Business insolvencies rose by 41% in the first quarter of the year with SMEs accounting for 85% of all business failures, according to PwC’s latest Insolvency Barometer. If this trend continues, PwC forecasts insolvencies will likely be close to 1,000 by the end of this year.

Rescue processes, namely Examinerships and SCARPs, made up just 3% of insolvencies in the first quarter of 2024.

There were only two Examinerships and five SCARPs in Q1 2024. By comparison, there were two Examinerships and eight SCARPs respectively recorded in Q1 2023.

These low numbers were impacted by the extension of the Revenue warehoused tax debt. However, a large number of businesses are still carrying a significant level of warehoused tax debt on their balance sheets and may still require the use of an Examinership or a SCARP process later in 2024.

€1.7 billion of tax debt remains warehoused by nearly 56,700 businesses. Just over 5,000 businesses owed 83% of the total €1.7 billion owing, and the average owed was €280,000 each.

A recent Revenue update has indicated that the top 226 companies owe €570m in total, at an average of €2.5m each.

The zero interest rate and additional time to 1 May 2024 to agree a phased payment arrangement by Revenue has provided some respite for businesses who are continuing to avail of this scheme.

Although this May deadline is now fast approaching and Revenue have recently advised that where businesses do not engage, warehoused debt will be subject to “immediate collection” after May 1 and “possible enforcement”, with the standard interest rates of between 8% and 10% then applying to all debt owed.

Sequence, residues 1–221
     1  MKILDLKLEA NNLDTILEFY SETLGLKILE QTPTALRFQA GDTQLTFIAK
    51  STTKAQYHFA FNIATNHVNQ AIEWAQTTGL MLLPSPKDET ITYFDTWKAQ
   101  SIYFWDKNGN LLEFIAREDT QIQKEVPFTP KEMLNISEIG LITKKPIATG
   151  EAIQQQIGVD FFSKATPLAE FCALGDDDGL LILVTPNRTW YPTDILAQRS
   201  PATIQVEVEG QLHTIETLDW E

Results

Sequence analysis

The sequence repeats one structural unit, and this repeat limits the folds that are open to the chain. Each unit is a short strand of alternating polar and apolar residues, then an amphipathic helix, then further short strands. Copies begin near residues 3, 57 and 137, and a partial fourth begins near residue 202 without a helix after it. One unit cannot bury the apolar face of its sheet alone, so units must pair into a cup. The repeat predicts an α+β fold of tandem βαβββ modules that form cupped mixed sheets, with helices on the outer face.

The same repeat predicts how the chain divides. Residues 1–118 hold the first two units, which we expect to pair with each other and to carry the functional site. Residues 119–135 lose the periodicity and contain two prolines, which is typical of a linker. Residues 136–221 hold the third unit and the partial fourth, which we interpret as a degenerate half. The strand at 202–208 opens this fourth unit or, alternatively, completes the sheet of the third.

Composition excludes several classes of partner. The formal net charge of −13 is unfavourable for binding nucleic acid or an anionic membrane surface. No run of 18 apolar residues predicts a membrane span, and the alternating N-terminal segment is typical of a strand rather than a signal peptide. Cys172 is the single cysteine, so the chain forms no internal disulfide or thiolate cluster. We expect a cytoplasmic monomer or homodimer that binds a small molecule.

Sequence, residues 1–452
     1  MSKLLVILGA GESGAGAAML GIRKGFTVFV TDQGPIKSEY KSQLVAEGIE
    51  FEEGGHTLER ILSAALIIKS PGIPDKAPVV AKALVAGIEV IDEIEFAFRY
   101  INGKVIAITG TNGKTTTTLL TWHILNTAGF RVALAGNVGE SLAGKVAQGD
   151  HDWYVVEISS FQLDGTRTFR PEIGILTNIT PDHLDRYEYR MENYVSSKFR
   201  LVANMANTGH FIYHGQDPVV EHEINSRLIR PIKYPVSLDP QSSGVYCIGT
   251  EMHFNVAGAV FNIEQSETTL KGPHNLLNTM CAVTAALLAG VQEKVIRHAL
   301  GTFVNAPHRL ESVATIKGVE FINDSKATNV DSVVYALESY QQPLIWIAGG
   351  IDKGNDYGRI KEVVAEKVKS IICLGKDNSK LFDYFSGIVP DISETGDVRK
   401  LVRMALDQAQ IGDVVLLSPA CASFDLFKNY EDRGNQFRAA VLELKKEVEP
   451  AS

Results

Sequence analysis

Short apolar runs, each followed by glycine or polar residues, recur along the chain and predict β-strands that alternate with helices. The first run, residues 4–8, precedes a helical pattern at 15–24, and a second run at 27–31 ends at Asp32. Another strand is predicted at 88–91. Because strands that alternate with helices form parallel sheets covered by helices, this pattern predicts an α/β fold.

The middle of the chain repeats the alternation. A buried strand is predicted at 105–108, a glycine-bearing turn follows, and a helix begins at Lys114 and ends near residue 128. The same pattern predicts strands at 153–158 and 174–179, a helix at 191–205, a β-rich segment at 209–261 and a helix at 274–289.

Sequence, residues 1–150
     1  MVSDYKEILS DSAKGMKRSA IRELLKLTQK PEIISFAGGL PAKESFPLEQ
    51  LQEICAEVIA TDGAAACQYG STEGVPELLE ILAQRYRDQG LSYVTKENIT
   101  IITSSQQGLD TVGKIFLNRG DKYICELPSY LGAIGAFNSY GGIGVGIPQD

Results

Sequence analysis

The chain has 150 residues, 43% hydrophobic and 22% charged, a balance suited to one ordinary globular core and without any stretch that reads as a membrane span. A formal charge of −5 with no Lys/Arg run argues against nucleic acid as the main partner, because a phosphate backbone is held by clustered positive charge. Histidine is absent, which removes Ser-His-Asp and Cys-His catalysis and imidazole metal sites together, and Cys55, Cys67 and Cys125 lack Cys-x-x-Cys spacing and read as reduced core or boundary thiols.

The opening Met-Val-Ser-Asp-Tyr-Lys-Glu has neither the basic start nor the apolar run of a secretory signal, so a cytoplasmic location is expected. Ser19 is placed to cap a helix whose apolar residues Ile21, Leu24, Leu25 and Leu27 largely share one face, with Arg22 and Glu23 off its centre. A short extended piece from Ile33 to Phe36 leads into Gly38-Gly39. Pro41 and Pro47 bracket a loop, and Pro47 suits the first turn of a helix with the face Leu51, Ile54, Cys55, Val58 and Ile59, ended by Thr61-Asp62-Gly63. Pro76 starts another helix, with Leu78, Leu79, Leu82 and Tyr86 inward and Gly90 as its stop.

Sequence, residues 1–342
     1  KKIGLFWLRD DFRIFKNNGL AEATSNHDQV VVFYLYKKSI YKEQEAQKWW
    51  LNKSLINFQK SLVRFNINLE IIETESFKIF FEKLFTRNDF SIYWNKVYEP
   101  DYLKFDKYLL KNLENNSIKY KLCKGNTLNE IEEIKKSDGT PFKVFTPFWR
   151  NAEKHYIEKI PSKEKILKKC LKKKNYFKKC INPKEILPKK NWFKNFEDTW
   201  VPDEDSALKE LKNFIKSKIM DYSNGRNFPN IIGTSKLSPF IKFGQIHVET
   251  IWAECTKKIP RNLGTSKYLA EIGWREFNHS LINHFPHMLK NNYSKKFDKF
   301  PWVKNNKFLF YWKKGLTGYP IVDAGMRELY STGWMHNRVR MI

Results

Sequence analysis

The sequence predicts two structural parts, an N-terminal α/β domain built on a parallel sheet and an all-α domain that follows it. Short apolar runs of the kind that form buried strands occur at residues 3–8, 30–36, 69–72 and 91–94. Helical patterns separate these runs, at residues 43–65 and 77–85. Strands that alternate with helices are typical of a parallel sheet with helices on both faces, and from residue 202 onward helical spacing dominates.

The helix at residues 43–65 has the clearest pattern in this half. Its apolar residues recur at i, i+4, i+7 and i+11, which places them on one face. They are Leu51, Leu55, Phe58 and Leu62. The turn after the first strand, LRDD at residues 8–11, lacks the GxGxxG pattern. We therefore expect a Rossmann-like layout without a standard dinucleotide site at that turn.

Commenting on today’s figures, the Director of the SFA, David Broderick, said it shows that the hospitality sector is experiencing severe pressure, serving as a canary in the coalmine for the challenges confronting many small businesses.”With 80% of SMEs opting for liquidation rather than examinership, there’s evident weariness amid escalating business costs, suggesting they’ve reached a breaking point,” Mr Broderick said.

David Broderick said the SFA is advocating for more direct action to alleviate costs for struggling businesses, including the proposal of a PRSI rebate, structured to provide a rebate for each worker earning below an agreed-upon threshold.

“Additionally, we suggest implementing more rigourous stress tests on all government legislation through more rigourous Regulatory Impact Assessments, evaluating how proposed laws will affect the functioning and prosperity of SMEs,” he said.

“Furthermore, to better equip businesses for future skills demands, we propose the introduction of a National Training Voucher Scheme. This scheme aims to enhance in-company training and broaden participation in upskilling and reskilling efforts to encompass all businesses and employers,” he added.